1-7 December 2012
Bogotá and Cartagena are two Colombian cities. Both speak Spanish. That is about where the similarities end.
Where the capital is perched up high in the mountains in the interior of the country, Cartagena hugs the southern edge of the Caribbean Sea. While the former is the heart of business in the country, the latter focussed on tourism. Where Bogotá is cold and wet, despite its equatorial location, Cartagena enjoys warm weather year round. In fact, during my visit, it very much resembled the climate of a South East Queensland summer, with highs in the mid-thirties, warm nights, and high humidity. Being tropical, it had a plentiful supply of mangos, which floated my boat.
Cartagena is probably at the forefront of the Western mind of late, with good thanks to Barack Obama’s security, who decided to check out the local talent and hold a casual orgy while there for a summit.
Discounting that, Cartagena is a city with a fascinating history, the city was founded in the 16th century by the Spanish as a port city, for the purposes of exporting gold ‘acquired’ from the natives back to the motherland, and later as an important trading port of precious metals. Over the next couple of hundred years, the French and the English realised the value of the city, and both attempted to capture it. The Spanish poured today’s equivalent of trillions of dollars into repairing and fortifying the city, and maintained rule until 1811 when while Napoleon distracted the overlords by attempting to conquer the Iberian Peninsula, the Cartageneros declared independence. The lasting legacy, is a compact city centre, impressive castles, and countless historical curiosities dotted throughout the town. I got lost following the trail of cannons.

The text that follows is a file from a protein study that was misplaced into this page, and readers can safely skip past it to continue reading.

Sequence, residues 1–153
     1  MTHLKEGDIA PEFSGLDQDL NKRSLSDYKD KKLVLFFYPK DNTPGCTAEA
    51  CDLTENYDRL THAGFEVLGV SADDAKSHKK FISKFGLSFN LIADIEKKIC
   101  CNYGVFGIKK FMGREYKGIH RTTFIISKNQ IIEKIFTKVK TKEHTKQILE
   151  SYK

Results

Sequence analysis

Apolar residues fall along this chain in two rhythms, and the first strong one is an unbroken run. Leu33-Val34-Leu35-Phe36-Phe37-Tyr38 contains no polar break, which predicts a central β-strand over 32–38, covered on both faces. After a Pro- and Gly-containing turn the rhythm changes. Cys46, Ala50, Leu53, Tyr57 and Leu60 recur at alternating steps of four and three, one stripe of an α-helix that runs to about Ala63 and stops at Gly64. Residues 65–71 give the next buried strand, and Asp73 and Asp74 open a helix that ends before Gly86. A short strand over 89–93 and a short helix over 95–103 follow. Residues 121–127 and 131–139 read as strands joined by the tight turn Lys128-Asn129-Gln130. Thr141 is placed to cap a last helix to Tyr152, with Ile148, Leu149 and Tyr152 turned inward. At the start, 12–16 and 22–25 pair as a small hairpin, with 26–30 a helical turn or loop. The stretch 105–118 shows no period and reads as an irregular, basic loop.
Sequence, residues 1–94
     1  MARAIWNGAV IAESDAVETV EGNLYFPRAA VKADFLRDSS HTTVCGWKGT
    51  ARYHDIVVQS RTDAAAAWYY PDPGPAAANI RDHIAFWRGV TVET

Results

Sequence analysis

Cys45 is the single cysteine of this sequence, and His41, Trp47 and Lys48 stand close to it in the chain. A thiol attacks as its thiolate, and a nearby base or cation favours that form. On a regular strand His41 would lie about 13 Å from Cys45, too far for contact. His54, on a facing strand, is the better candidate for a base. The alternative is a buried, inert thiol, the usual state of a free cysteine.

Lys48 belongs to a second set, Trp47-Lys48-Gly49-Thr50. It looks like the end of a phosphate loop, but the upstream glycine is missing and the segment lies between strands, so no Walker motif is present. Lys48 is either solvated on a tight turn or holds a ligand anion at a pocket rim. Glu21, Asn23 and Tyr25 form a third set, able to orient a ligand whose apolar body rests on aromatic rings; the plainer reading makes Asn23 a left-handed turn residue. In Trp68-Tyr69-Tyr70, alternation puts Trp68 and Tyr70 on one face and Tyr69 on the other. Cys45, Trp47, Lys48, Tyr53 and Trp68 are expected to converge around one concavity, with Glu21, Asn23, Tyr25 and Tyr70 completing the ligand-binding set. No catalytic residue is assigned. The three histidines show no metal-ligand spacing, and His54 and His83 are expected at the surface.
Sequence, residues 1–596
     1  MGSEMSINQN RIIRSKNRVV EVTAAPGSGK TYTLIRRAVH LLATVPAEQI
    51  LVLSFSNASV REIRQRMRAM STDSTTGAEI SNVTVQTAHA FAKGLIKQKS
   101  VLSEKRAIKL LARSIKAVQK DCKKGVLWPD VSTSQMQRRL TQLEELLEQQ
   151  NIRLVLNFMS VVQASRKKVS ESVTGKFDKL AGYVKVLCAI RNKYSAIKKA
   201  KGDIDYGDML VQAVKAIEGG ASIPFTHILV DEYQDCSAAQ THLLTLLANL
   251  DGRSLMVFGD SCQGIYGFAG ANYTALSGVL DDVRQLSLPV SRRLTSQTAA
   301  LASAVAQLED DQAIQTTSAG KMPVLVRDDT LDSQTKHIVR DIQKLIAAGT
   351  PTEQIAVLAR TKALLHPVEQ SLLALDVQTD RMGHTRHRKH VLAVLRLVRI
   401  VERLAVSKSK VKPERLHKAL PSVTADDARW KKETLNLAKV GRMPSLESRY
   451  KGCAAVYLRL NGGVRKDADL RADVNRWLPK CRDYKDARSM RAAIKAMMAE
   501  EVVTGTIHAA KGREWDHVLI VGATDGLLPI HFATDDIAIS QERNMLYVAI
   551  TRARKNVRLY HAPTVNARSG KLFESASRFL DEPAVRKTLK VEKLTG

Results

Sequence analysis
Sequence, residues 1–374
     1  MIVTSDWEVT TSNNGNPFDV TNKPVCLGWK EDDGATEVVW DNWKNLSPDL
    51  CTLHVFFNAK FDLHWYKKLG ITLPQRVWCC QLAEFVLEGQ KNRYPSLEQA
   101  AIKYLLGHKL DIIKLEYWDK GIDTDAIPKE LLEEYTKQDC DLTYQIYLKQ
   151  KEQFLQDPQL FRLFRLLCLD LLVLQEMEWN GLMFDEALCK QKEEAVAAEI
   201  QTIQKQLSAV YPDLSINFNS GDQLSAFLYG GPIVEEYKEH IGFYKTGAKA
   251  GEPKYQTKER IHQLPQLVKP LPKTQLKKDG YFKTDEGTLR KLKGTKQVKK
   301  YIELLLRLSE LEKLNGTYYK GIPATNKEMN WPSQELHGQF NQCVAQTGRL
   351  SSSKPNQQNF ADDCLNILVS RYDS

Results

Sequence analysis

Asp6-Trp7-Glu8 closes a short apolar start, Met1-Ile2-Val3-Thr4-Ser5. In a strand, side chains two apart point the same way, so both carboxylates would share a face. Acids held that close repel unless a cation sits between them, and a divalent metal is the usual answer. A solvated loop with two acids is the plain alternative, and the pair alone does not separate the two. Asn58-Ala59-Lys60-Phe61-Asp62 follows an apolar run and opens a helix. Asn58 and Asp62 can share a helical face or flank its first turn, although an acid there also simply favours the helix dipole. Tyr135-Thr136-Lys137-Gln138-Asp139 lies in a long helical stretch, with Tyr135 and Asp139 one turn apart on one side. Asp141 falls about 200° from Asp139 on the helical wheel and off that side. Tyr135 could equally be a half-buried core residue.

Besides, who isn’t impressed by a city surrounded by grand and impressive walls. What makes it even better, is when you can enjoy a delicious mojito while watching the sun set from atop the wall.
Right next to the centro histórico lies a peninsula called Bocagrande. From the moment I laid eyes on the towering high-rises by the beach from the window of my inbound 737, analogues of Surfers Paradise on the Gold Coast quickly formed. It is remarkable how similar the two places are – both heavily geared towards tourists, sporting countless glistening high-rise apartments, with popular beaches just across the road. At first glance, it’s easy to mistake the two. Sure, the beach at Bocagrande isn’t quite as clean as Surfers, but local entrepreneurs have set up small tents along
the beach front for families to cheaply rent. Concessions exist on the beach for small huts to sell drinks without leaving the sand. And you’ll never go thirsty, with many souls walking around carrying Styrofoam boxes offering agua or cerveza as they stroll up and down the beach. Perhaps the Gold Coast could learn a thing or two?
Beach aside, Bocagrande is a pretty soulless part of town. Strip away the residential developments, the beach and the restaurants, and you are literally left with a few roads atop a sand bar.
Speaking of beaches, I’m kicking myself I didn’t use my full free day to take a boat ride to a famous local beach playa blanca, where you can literally sleep overnight in a hammock, hanging from a palm tree, looking out over the Caribbean. I could not think of anything more serene – except perhaps for the sandflies.